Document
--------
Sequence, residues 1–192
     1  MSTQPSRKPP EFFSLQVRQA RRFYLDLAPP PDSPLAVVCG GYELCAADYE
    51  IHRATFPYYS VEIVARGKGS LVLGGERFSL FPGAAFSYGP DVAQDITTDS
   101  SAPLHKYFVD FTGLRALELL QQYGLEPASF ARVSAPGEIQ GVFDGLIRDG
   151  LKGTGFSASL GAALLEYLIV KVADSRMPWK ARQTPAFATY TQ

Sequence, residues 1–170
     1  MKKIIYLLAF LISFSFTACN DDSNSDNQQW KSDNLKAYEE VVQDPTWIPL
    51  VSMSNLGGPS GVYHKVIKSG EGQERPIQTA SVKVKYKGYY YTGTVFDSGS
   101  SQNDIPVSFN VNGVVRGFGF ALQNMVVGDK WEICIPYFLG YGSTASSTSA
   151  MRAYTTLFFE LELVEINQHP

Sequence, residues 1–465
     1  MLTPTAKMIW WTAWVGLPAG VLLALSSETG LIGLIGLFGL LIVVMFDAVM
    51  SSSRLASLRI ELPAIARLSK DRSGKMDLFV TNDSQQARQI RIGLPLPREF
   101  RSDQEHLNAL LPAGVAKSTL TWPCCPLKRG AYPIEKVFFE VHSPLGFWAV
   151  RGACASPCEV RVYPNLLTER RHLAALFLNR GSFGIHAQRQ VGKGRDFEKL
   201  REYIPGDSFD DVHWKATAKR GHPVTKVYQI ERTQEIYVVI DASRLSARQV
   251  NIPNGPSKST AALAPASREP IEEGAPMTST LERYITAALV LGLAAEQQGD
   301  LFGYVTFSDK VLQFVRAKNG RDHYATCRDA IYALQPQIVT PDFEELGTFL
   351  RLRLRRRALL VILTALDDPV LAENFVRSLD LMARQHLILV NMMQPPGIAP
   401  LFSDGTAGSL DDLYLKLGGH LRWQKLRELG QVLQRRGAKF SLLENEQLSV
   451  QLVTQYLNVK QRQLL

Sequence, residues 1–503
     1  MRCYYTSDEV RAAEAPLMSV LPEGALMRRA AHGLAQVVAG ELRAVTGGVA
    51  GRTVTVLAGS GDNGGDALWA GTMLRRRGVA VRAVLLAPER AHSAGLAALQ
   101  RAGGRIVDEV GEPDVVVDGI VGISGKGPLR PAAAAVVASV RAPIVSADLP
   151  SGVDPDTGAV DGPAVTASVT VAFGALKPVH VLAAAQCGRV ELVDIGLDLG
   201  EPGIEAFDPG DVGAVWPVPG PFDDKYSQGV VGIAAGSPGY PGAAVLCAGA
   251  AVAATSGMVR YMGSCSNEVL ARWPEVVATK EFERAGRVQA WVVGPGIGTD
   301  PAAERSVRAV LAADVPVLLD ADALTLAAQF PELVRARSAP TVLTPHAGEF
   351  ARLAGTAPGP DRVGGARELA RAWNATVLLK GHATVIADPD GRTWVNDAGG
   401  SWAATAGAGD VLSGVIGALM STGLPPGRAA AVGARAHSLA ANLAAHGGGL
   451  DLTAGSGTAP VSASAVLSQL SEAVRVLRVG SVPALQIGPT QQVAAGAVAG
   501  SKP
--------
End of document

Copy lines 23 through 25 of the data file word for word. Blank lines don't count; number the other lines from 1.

     1  MRCYYTSDEV RAAEAPLMSV LPEGALMRRA AHGLAQVVAG ELRAVTGGVA
    51  GRTVTVLAGS GDNGGDALWA GTMLRRRGVA VRAVLLAPER AHSAGLAALQ
   101  RAGGRIVDEV GEPDVVVDGI VGISGKGPLR PAAAAVVASV RAPIVSADLP